Buchnummer des Verkäufers
Inhaltsangabe: Secure supplies of water, food and energy are essential to human dignity and well-being around the globe. Their vitality is dependent on healthy ecosystems supporting thriving biodiversity. All four elements are inter-related in that actions to govern one will automatically affect the others known as the Nexus. Global demand for the first three elements is increasing due to population growth and rising per capital incomes in developing countries, with steadily worsening results for the fourth.
The Nexus elements are also subject to increasing pressures from climate disruption in the form of more frequent and severe flooding, droughts, storms, pest outbreaks, and extreme heat. Nature’s capacity to moderate these impacts is also being eroded by rapid, widespread land use development and associated pollution.
The combination of increasing demand, decreasing supplies, and rapidly changing hydro-climatic conditions at all points of the Nexus requires transformative policy responses that encompass economy, equity, social justice, fairness, and the environment. The Climate Nexus outlines these challenges and offers a pathway to resolving them.
About the Author:
Dr. Jon O'Riordan is senior policy and research adviser to ACT (the Adaptation to Climate Change Team) at Simon Fraser University, providing science-based and strategic advice. Formerly a deputy minister of sustainable resource management and an assistant deputy minister of environment with the British Columbia government, Jon is currently an adjunct professor with the School of Community and Regional Planning at the University of British Columbia, where he teaches resource planning and governance. He is also a research associate with the Polis Project on Ecological Governance at the University of Victoria. Jon gained his PhD in geography at the University of British Columbia and has over 45 years of practical experience in land and resource planning, watershed governance and broader policies for supporting sustainability. Jon is the co-author of The Columbia River Treaty: A Primer (RMB, 2014). He lives in Victoria, British Columbia, Canada.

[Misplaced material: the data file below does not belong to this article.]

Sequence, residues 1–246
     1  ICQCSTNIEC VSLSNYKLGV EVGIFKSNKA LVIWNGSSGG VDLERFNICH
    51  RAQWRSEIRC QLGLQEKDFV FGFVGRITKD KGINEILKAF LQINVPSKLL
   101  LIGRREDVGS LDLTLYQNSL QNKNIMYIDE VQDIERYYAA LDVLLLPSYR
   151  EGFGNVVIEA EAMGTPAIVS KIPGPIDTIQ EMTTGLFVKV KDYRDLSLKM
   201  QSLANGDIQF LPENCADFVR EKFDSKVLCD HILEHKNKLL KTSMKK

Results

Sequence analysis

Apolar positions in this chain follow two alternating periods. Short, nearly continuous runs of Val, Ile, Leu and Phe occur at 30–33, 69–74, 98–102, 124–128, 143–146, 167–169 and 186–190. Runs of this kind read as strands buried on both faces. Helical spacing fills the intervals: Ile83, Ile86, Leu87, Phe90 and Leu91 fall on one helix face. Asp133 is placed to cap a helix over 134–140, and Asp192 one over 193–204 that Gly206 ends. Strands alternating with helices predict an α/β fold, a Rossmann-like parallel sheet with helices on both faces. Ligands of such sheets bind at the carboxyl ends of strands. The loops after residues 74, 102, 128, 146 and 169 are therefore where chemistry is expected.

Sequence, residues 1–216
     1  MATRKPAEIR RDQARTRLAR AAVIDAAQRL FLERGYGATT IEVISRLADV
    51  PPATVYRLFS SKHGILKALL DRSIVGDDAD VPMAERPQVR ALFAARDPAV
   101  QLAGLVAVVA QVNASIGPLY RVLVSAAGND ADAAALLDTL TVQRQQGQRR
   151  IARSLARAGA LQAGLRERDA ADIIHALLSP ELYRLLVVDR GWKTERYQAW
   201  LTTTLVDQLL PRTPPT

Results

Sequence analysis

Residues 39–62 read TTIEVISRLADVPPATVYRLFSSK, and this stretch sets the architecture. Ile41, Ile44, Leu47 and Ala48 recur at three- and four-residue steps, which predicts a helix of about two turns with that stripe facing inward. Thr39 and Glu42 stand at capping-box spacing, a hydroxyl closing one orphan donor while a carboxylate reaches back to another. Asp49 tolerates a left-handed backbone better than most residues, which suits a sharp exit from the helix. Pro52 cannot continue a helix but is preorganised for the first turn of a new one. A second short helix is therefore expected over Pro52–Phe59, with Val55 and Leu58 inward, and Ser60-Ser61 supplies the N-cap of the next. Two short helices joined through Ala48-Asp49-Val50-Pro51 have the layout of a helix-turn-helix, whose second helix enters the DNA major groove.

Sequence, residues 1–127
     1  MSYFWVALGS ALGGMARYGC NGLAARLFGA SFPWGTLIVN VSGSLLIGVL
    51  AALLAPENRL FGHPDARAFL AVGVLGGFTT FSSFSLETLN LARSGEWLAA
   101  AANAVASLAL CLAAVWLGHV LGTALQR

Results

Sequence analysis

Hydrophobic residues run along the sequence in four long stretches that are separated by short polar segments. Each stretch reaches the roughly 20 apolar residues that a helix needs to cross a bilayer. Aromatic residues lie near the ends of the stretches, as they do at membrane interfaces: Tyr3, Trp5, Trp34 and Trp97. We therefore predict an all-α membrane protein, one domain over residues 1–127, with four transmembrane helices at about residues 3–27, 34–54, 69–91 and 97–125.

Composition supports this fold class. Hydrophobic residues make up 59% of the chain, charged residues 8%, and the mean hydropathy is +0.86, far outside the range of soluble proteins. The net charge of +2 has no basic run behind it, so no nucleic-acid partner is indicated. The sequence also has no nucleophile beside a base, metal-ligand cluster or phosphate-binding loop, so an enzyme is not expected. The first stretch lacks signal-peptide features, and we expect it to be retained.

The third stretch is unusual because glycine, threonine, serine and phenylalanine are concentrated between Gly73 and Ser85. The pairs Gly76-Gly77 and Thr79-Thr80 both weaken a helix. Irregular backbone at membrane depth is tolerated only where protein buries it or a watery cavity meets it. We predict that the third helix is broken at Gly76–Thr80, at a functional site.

Robert William Sandford is the EPCOR Chair of the Canadian Partnership Initiative in support of United Nations "Water for Life" Decade and an associate of the Centre for Hydrology, which is part of the Global Water Institute at the University of Saskatchewan. He is also a member of Canada's Forum for Leadership on Water; serves as water governance adviser and senior policy author for Simon Fraser University's Adaptation to Climate Change Team; and has been senior water policy adviser for the Interaction Council, a global public policy forum composed of more than thirty former heads of state. He is the author or co-author of numerous books on water issues, including The Columbia River Treaty: A Primer (RMB, 2014), Flood Forecast: Climate Risk and Resiliency in Canada (RMB, 2014), Saving Lake Winnipeg (RMB, 2013), Cold Matters: The State and Fate of Canada’s Fresh Water (RMB, 2012), Ethical Water: Learning to Value What Matters Most (RMB, 2011) and Restoring the Flow: Confronting the World's Water Woes (RMB, 2011). He lives in Canmore, Alberta, Canada.
Deborah Harford is the executive director of ACT (the Adaptation to Climate Change Team) at Simon Fraser University. She is responsible for development of the initiative's pioneering vision and its unique partnerships with the public and private sectors, as well as overall coordination and management of the program. Deborah also directs and produces ACT's policy recommendations for effective adaptation strategies at all levels of government, as well as communication and promotion of the program’s outcomes. Through her efforts, ACT has created networks between local, national and international climate change research practitioners, NGOs, industry representatives, all levels of government, First Nations groups and local communities. Deborah's work with ACT has gained her national recognition as a resource for those seeking information on climate change adaptation and practical coping strategies. Deborah is the co-author of The Columbia River Treaty: A Primer (RMB, 2014). She lives in Vancouver, British Columbia, Canada.
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